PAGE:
— Julie Brennan, homeschooler

## Playing With Math: Stories from Math Circles, Homeschoolers, and Passionate Teachers

Update: The crowdfunding campaign is now closed and the book is in the final stages. It should be headed to the printer soon. Check the Playing With Math homepage for publication and ordering information.

There’s a problem: Most people don’t like math. Why is that? Perhaps it has something to do with the way math is taught in school. As a teacher to my own kids and mentor to homeschooling parents, I’ve been fighting math anxiety for decades.

This book is one part of the solution.

Playing With Math: Stories from Math Circles, Homeschoolers, and Passionate Teachers features more than thirty authors who tell delightful stories of learning to appreciate math and of sharing their enthusiasm with their communities, families, or students. After every chapter is a puzzle, game, or activity to get you and your kids playing with math, too.

You can read a couple of excerpts at PlayingWithMath.org:

## Talking Math with Your Kids

Christopher Danielson, one of my favorite math bloggers, has a new book out that is perfect for parents of preschool and elementary-age children:

It’s a short book with plenty of great stories, advice, and conversation-starters. While Danielson writes directly to parents, the book will also interest grandparents, aunts & uncles, teachers, and anyone else who wants to help children notice and think about math in daily life.

“You don’t need special skills to do this. If you can read with your kids, then you can talk math with them. You can support and encourage their developing mathematical minds.

“You don’t need to love math. You don’t need to have been particularly successful in school mathematics. You just need to notice when your children are being curious about math, and you need some ideas for turning that curiosity into a conversation.

“In nearly all circumstances, our conversations grow organically out of our everyday activity. We have not scheduled “talking math time” in our household. Instead, we talk about these things when it seems natural to do so, when the things we are doing (reading books, making lunch, riding in the car, etc) bump up against important mathematical ideas.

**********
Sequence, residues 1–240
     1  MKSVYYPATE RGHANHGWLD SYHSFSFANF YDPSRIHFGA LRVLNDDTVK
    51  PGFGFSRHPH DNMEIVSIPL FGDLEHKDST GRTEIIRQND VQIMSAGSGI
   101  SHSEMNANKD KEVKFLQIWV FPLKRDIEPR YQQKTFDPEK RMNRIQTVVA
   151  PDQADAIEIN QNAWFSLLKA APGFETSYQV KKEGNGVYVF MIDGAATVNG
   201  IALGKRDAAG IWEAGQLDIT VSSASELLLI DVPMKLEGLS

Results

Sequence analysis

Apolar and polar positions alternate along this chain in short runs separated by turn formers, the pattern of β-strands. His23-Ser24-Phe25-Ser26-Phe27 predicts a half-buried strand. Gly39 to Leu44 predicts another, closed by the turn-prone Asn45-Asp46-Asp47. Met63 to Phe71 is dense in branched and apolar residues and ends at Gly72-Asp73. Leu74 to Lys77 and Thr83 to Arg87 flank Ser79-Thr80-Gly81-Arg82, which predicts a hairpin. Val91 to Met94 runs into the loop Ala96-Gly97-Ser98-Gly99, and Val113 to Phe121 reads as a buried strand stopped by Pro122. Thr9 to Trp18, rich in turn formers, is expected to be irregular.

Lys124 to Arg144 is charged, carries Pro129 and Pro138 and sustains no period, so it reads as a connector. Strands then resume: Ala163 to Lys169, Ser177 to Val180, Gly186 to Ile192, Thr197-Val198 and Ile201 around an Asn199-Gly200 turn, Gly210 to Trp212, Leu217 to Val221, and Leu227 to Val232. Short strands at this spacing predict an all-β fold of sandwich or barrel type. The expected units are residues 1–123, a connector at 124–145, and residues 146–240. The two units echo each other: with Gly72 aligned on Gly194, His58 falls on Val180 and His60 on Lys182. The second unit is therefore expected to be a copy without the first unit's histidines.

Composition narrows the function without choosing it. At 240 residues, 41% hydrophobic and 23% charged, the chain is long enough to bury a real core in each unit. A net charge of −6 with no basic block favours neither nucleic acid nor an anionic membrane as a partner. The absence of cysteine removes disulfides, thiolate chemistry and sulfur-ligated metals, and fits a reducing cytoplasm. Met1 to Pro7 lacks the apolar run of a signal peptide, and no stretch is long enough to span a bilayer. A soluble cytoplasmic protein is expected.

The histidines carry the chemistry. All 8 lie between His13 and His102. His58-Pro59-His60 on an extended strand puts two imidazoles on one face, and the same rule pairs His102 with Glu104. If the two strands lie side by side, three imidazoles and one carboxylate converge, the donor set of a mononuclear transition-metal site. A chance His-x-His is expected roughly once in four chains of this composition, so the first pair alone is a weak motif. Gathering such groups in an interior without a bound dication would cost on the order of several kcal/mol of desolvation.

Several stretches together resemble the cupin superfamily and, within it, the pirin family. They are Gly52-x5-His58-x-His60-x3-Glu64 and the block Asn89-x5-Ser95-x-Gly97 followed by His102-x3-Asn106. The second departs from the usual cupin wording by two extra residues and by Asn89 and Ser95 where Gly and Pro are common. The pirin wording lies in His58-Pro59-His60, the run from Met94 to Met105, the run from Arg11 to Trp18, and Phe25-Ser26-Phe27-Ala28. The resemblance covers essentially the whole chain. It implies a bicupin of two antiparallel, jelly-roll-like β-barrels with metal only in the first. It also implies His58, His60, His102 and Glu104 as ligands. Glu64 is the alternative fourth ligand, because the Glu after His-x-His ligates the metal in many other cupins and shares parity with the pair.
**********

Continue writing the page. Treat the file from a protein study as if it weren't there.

“The dialogues in this book are intended to open your eyes to these opportunities in your own family’s life.”

— Christopher Danielson

## How To Master Quadratic Equations

feature photo above by Junya Ogura via flickr (CC BY 2.0)

A couple of weeks ago, James Tanton launched a wonderful resource: a free online course devoted to quadratic equations. (And he promises more topics to come.)

Kitten and I have been working through the lessons, and she loves it!

We’re skimming through pre-algebra in our regular lessons, but she has enjoyed playing around with simple algebra since she was in kindergarten. She has a strong track record of thinking her way through math problems, and earlier this year she invented her own method for solving systems of equations with two unknowns. I would guess her background is approximately equal to an above-average algebra 1 student near the end of the first semester.

After few lessons of Tanton’s course, she proved — within the limits of experimental error — that a catenary (the curve formed by a hanging chain) cannot be described by a quadratic equation. Last Friday, she easily solved the following equations:

$\left ( x+4 \right )^2 -1=80$

and:

$w^2 + 90 = 22 w - 31$

and (though it took a bit more thought):

$4x^2 + 4x + 4 = 172$

We’ve spent less than half an hour a day on the course, as a supplement to our AoPS Pre-Algebra textbook. We watch each video together, pausing occasionally so she can try her hand at an equation before listening to Tanton’s explanation. Then (usually the next day) she reads the lesson and does the exercises on her own. So far, she hasn’t needed the answers in the Companion Guide to Quadratics, but she did use the “Dots on a Circle” activity — and knowing that she has the answers available helps her feel more independent.